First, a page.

Change Comes to Chicago’s Selective Enrollment Application Process– is it enough?

Chicago’s 11 Selective Enrollment high schools rank among the best in the city; however, by design not all students who apply get to attend one of them. Of the 26,000 applicants last year, fewer than 5,000 were offered spots.

Last week, High Jump Executive Director Nate Pietrini spoke with Sasha-Ann Simons of WBEZ’s Reset about the recent changes to Chicago’s high-stakes, high-stress Selective Enrollment admissions process and how the changes might impact student outcomes.

During their conversation Pietrini shared that around 80% of Chicago Public School students do not attend their neighborhood school. Instead, they choose to take one of two other pathways. Students who choose the Selective Enrollment path face an incredibly difficult road not unlike the college application process. Students who opt for a Choice high school do not just tick a box but have to meet various admissions criteria based on the school where they apply.

“You’ve really got to do your homework and think about what’s going to work for you. What’s going to be a good fit, and what’s going to be a good match. It’s a little wild to do when you’re fourteen years old.”

Nate Pietrini, Ed.D., Executive Director of High Jump

Things used to be different for the 90 CPS schools that rely on test scores as part of their application process. Students would register for testing on a Saturday at a location that was often not their home school. For under-resourced 13-year-olds, some of whom would navigate the process independently, getting themselves to and from a testing location could be a significant obstacle. One that could stand in the way of their ability to even apply to one of these schools.

“A couple of things that are new this year that are important to note is that there are fewer steps in the process, and some of the requirements…have been removed.”

Nate Pietrini, Ed.D., Executive Director of High Jump 

Now, there will only be one test taken by every eighth-grade student in Chicago at their home school. This new approach to testing, the first round of which will take place next month, should reduce the large number of students who register for but never take the test. As a result, some students will now qualify for and be able to apply to schools they wouldn’t have otherwise.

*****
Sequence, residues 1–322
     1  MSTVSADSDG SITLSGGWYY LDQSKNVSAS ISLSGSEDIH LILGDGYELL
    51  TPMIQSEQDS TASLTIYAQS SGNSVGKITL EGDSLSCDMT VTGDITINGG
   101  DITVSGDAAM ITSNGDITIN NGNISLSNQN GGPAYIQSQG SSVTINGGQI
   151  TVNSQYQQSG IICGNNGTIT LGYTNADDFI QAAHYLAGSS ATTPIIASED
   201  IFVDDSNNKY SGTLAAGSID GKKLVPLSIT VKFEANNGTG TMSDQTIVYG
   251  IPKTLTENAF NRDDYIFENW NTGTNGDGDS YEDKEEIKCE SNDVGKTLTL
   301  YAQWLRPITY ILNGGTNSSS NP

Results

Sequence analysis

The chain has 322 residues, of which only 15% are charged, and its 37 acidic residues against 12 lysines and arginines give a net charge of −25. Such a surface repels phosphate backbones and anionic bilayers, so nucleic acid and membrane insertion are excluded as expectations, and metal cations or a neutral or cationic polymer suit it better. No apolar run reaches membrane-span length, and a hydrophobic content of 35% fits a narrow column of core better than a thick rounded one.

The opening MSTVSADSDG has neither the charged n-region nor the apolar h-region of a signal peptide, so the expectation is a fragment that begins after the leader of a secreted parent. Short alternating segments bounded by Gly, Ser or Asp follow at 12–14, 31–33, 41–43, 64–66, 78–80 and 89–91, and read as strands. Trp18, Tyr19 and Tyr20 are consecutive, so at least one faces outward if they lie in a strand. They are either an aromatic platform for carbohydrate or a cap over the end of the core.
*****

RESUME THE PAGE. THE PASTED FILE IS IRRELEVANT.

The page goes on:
Photo of an eighth-grade student preparing for high school entrance exams.
An eighth-grade student prepares for high school entrance exams as part of High Jump’s high school selection support class.

Are we in favor of these changes? Yes, but a lot of work still needs to be done to make the process more equitable and more accessible.

“What would the high school application process look like if it provided more access for under-resourced families? Our most selective schools do not represent the city. They are predominantly white and can be affluent. The most selective schools are actually getting whiter and wealthier over time. This process needs to be examined if those are the outcomes it is creating…we need to do something to stop these disparities from continuing.” 

Nate Pietrini, Ed.D., Executive Director of High Jump

At High Jump, our goal isn’t just to get kids into good high schools. It’s about supporting them with resources and tools that will get them to and through college.

We know that with all of the continued challenges of the pandemic, grades have dropped for Chicago’s Black and LatinX students. As High Jump scholars begin their high school application process this year, we are here to provide our time, resources, and support to help students and families navigate this changing process.

Our work is more critical than ever. Will you donate today to ensure continued support for our students?

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